Published 28 March 2012
Text by Nick Walton
Few travellers can say they have accomplished as much as Patti Seeri, both for themselves, and for the people of an adopted land. From diving into a new and strange culture, and leading teams of traditional craftsmen to create one of Indonesia’s most beautiful sailing vessels, to helping to preserve ancient textile customs among some of the world’s most isolated tribes, Seeri has helped change perceptions in one of the world’s most beautiful – and misunderstood – nations.
Despite a life defined by her Indonesian friends, family and experiences, Seeri’s passion for foreign cultures and for textiles, began years before arriving in the archipelago. As a fresh architecture graduate, Seeri found herself working with remote Aboriginal settlements in Queensland, before moving with her husband to Gujarat, in India, where she decided to continue her studies with a master’s degree in Southeast Asian textiles.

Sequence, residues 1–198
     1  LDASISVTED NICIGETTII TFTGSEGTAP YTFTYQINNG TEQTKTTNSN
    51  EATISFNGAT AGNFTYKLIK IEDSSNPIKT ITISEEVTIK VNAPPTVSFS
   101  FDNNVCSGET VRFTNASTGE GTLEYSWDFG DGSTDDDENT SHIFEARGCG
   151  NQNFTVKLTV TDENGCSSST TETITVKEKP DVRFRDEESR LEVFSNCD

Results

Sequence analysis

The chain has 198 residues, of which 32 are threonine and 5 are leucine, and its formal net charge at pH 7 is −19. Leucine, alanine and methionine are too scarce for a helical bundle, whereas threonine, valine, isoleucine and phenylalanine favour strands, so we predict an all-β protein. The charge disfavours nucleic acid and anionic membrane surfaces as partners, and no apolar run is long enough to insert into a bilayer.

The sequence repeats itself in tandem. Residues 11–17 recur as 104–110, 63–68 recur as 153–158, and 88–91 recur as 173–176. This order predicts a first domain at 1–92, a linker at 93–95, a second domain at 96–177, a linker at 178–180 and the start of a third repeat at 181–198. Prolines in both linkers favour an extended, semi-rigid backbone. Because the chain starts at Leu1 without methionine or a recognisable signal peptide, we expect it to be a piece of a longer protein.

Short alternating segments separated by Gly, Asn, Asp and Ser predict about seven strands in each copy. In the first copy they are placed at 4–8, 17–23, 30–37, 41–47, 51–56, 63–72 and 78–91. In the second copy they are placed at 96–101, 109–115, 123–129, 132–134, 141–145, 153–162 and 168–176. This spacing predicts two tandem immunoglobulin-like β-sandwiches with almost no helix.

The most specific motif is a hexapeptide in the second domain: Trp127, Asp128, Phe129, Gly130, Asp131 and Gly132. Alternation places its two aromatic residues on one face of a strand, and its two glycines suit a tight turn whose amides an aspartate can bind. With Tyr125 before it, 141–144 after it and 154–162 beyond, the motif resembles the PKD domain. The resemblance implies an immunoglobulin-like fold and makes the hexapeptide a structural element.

“For me, this was a fascinating entrée into Indian life,” Seeri reminisced to FRV Travel recently. But before long, she would move once again, this time to an expansive archipelago, which, despite its rich resources and culture, was still tackling the dangers and disillusionment of terrorism. “I first came to Indonesia to join my husband, Doug, who was providing technology to the national oil company of Indonesia,” says Seeri. “I knew the very first day, that I would be bound to Indonesia in a special way.”
Seeri was intrigued by the place where the Ciliwung River entered the sea and on her very first morning took a taxi, without a word of Indonesian, to the ancient harbour of the traditional home of the Indonesian phinisi trader vessels, surrounded by crumbling old warehouses. “As the sun began to rise, I visited several ships, and an ancient kampoeng (village), filled with kids, garbage and a lot of smiling faces and remember saying, ‘I’m going to really like this place!’ I also saw my first traditional schooner, with black sails billowing in the wind, and knew I was hooked.”